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Government exhibit #1: Watergate building, photograph, ca. 1972

A photograph of the Watergate hotel and office complex was the first exhibit presented in the Senate investigation. A rapt national audience followed the Watergate story as it unfolded in televised hearings and other media. After the abuses of 1950s anti-communist investigations, the Watergate Committee’s unbiased research helped restore public confidence in congressional investigations.

Records of District Courts of the United States, National Archives and Records Administration

Government exhibit #1: Watergate building, photograph, ca. 1972

The Watergate Break-in

On June 17, 1972, police arrested burglars wiretapping the Democratic National Committee headquarters at the Watergate complex in Washington, D.C. Evidence linked the break-in to President Richard Nixon’s re-election committee, and the Justice Department appointed a special prosecutor for the case. In February 1973 the Senate established a select committee chaired by Senator Sam Ervin of North Carolina to investigate the 1972 presidential election campaigns. The investigation revealed audiotapes incriminating President Nixon, which eventually led to Nixon’s resignation. Nationally televised, the hearings of the Watergate Committee inquiry boosted public confidence in Congress.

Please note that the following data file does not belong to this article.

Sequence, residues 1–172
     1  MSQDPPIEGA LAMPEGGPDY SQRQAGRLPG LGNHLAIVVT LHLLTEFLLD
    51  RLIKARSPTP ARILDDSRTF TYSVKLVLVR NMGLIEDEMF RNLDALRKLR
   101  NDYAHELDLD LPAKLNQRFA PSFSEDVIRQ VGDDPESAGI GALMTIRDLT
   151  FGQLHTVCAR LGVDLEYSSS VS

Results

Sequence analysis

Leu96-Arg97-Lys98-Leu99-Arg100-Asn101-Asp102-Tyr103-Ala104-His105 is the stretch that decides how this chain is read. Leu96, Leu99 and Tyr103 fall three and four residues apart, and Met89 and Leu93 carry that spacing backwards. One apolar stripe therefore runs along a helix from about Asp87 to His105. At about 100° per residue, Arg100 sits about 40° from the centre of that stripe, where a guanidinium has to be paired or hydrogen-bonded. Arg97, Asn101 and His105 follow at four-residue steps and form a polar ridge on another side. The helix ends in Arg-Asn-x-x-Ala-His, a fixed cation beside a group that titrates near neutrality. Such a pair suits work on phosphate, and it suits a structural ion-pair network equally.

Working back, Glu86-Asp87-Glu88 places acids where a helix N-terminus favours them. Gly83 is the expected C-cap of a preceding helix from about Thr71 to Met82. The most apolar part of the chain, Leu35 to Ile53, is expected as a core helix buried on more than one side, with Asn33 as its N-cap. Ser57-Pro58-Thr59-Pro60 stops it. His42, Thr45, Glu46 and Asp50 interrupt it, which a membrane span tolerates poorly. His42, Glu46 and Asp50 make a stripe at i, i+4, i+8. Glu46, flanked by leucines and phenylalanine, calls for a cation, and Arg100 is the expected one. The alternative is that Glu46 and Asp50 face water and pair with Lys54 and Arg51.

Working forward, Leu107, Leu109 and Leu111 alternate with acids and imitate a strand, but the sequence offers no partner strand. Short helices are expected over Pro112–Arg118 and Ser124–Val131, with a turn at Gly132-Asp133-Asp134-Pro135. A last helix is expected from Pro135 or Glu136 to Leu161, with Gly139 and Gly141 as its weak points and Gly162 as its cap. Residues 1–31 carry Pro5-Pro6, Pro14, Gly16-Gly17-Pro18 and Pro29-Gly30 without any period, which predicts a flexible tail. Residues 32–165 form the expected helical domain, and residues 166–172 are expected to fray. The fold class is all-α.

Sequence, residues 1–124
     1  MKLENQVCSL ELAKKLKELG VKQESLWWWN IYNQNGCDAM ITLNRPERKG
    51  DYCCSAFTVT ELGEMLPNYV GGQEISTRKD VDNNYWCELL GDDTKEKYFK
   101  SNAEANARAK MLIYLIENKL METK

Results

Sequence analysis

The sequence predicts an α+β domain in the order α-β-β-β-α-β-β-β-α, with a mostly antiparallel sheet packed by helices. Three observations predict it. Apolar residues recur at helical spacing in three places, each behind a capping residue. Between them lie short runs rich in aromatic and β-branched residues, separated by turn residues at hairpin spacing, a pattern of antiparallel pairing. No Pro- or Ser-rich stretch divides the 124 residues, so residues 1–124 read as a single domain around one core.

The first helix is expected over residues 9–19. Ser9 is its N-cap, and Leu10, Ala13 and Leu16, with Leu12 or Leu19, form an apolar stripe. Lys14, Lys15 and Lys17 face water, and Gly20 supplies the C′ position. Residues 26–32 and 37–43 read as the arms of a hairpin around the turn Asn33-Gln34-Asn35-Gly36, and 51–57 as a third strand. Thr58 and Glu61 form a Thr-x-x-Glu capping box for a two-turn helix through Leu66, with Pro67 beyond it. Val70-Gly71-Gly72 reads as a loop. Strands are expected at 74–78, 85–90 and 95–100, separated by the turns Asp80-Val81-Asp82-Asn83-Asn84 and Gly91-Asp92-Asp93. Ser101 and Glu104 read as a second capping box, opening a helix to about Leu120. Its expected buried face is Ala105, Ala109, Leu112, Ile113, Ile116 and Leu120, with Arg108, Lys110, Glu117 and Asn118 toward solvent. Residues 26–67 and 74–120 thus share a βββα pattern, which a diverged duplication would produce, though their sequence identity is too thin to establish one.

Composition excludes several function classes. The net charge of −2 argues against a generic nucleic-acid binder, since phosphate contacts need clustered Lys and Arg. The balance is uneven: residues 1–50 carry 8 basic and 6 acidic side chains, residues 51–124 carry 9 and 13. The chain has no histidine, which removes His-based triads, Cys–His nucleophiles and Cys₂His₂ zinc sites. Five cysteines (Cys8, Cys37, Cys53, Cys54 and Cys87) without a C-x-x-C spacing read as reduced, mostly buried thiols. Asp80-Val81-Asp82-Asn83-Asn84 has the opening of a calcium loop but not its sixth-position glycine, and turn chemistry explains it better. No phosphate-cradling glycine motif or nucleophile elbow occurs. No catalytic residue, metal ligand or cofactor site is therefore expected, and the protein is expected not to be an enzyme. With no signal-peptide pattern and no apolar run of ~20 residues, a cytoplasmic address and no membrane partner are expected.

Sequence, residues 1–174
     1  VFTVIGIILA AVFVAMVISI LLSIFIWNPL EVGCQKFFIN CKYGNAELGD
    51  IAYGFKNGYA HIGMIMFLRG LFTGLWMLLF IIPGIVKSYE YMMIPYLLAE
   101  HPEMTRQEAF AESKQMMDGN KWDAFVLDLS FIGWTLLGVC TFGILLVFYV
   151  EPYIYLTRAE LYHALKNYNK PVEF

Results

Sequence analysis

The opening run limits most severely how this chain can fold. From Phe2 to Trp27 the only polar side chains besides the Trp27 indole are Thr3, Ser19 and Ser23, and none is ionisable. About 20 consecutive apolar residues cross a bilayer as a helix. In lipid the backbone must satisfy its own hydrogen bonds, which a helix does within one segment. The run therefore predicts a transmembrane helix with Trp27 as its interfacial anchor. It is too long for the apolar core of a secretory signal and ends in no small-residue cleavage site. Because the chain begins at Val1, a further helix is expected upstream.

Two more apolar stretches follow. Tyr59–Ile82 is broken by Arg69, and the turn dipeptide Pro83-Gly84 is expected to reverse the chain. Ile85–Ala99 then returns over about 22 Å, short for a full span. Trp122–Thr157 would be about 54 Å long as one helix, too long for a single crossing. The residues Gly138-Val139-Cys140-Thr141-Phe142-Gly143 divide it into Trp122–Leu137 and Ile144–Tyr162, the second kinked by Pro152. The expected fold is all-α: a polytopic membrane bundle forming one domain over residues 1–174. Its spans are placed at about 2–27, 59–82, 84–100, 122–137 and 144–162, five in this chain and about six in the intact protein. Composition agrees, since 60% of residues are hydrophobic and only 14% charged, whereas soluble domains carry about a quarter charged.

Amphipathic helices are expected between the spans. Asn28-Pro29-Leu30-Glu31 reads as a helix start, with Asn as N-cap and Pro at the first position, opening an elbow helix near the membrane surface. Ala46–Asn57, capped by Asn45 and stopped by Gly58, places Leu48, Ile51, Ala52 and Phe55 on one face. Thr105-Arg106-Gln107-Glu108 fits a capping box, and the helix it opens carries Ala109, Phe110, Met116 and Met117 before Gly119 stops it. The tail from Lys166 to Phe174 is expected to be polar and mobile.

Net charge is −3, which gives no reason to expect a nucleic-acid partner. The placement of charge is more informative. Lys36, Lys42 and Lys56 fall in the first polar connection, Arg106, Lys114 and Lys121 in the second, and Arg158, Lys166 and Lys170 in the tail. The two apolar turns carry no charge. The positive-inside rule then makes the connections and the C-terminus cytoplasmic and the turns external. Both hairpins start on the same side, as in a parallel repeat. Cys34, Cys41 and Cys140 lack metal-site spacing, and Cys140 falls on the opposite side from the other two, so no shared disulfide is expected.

It has been alleged that, following the Watergate break-in, there has been a massive attempt to cover up all the improper activities . . . which, if true, represent interference in the integrity of the prosecutorial and judicial processes of the Nation.

Senator Sam Ervin of South Carolina, Hearings before the Select Committee on Presidential Campaign Activities . . . , 1973